Marx’s Alienation and the Understanding of Human Nature
Karl Marx’s discussion on alienation reveals a number of regards to his understandings of human nature. To begin, alienation entails the separation of an individual from the conditions of meaningful agency. Alienation is generally established as a separation of being from self. According to Marx, alienation is the result of the submission of individual will towards a power where individual will is given freely under the societal conformities and constraints to and of capitalism. It is through these discussions of alienation that Marx is able to reveal his understanding of human nature.
In Marx’s analysis in Estranged Labour, he distinguishes four forms of alienation in labour within capitalist societies. The first form of alienation Marx discusses is the alienation of the labourer from their products of labour, the second form of alienation is the separation from the labourer from the activity of their work. The third form of alienation Marx discusses is the alienation of the being from themselves, or their own species being — alienation of the labourer from their own humanity. Lastly, the fourth form of alienation is the alienation of individuals from others.
In regards to Marx’s first form of alienation, alienation from the product of labour, can simply be disclosed as the separation of the labourer from the products they create and, overall, the separation of the labourer from the means of production. According to Marx, the relation of the worker to the product of labour as an alien object is an employer or cooperation’s exercise of power over the worker (Marx 74). The relationship between the individual and the objects they reproduce coincides with the being’s relations to their sensuous external world, and as a result of this alienation made by the employer, the cooperation and their capitalist work environment, these objects of nature are now viewed as an alien phenomenon by the labourer and is now exhibited inimical and in opposition to the labourer themselves. Here, the estrangement of the thing is exhibited.
Marx’s second act of estrangement, alienation from the activity of labour, involves the relation of labour to the act of production within the labour process. This relation is the relation of the worker to their own activity as an alien activity not belonging to themselves. According to Marx, it is an activity of suffering, of weakness, and the deprivation of one’s role from the worker’s own physical and mental energy, their personal life; and whatever life other than activity, is an activity that is turned against the worker, neither depending or belonging to them (74). Labour, or the individual’s life activity (or productive life) appears to the individual as a means of satisfying a need, that is, the need to maintain their physical existence (75). However, with the estrangement of the worker from their activity of labour, self-estrangement is exhibited. Marx then proceeds to state the fact that animals are one with their life-activities and that they do not distinguish themselves from it — animals, essentially, are their life-activity. And similar to animals, humanity makes their life activity the object of their will and of their consciousness, humanity has conscious life-activity; although it is not a determination we directly merge to our identity. Marx also brings to light the fact that human activity is also a free activity, that is, done so by the being’s own free choice. So, it is merely because humanity is a species being, that of which, is also a conscious-being (meaning their own life is an object for them), that the individual makes their life-activity their essential being, a means to their own existence. And unfortunately, estranged labour reverses this relationship between the species-being and their life-activity (76).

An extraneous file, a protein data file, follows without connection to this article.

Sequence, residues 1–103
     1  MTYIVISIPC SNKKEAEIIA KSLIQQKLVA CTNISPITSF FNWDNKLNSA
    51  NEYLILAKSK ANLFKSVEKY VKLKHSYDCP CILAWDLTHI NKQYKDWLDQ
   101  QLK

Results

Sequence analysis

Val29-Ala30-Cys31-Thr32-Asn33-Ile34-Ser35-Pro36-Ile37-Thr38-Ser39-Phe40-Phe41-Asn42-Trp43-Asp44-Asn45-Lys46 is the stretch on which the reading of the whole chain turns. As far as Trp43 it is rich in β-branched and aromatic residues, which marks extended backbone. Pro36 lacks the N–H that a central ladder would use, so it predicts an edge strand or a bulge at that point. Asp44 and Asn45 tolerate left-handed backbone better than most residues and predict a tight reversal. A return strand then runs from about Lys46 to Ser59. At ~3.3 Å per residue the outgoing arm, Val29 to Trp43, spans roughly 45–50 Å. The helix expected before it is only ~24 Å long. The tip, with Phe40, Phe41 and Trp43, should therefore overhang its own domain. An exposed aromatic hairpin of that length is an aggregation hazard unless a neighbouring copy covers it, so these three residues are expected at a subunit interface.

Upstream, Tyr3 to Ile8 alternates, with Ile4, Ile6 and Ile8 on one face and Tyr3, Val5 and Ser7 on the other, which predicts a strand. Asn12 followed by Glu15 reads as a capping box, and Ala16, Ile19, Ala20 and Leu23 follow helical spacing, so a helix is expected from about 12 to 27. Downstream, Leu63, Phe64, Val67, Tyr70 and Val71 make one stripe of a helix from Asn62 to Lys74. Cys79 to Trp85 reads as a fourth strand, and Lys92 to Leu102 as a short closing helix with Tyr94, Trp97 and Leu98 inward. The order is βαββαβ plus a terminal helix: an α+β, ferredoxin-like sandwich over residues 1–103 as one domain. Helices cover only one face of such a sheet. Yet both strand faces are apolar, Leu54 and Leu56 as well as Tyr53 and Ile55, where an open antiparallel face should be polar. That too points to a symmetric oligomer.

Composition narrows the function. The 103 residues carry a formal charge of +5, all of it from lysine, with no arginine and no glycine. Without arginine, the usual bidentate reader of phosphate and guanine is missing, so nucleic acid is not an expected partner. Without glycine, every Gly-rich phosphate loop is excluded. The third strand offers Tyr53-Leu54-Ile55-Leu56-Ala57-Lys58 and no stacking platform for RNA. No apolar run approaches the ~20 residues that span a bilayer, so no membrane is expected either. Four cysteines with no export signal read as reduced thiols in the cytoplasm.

Marx’s third act of estrangement, alienation from one’s own humanity, regards humanity’s species being and can be deduced from the first two acts of estrangement. To reiterate: human individuals are species beings, in practise and in theory, they adopt their species as an object. That is, humanity treats themselves as their own object, but also regards themselves as actual, living species. Humanity recognizes themselves as a universal and therefore free being that regards nature and their spiritual species properties into beings different to them — into a means for their individual existence. Marx says that the life of a species, human and animal, consists physically in that humanity (like animals) lives within organic nature, and the more universal the individual is compared to an animal, the more universal is the sphere of inorganic nature they reside (75). Just as the external environment (plants, animals, etc.) is a part of the human consciousness in the realm of theory, it also resides in the realm of practise — constituting a part of human life and activity. Physically, humanity lives only within the products of nature (i.e. through food, clothing, shelter, etc.). It estranges the individual from their own body, as it does to external nature and their spiritual essence, their human being. However the universality of humanity in practise is manifested in the universality that makes all nature humanity’s inorganic nature. According to Marx, Nature is humanity’s inorganic nature; meaning, nature is ultimately not itself a part of the individual’s body, however, nature and humanity coincide in that, the individual merely lives on nature. Nature extends to the being’s body, which must remain within a continuous intercourse if humanity wants to continue to reside within nature (76). He states that humanity's physical and spiritual life is linked to nature in that nature is linked to itself, for humanity is then a part of nature. In being estranged from nature and from themself — their own active functions, and life-activity — estranged labour estranges the species from the humanity, it estranges the life of the species and individual life and it makes individual, a life in its abstract form, the purpose of the life of the species (in both its abstract and estranged form).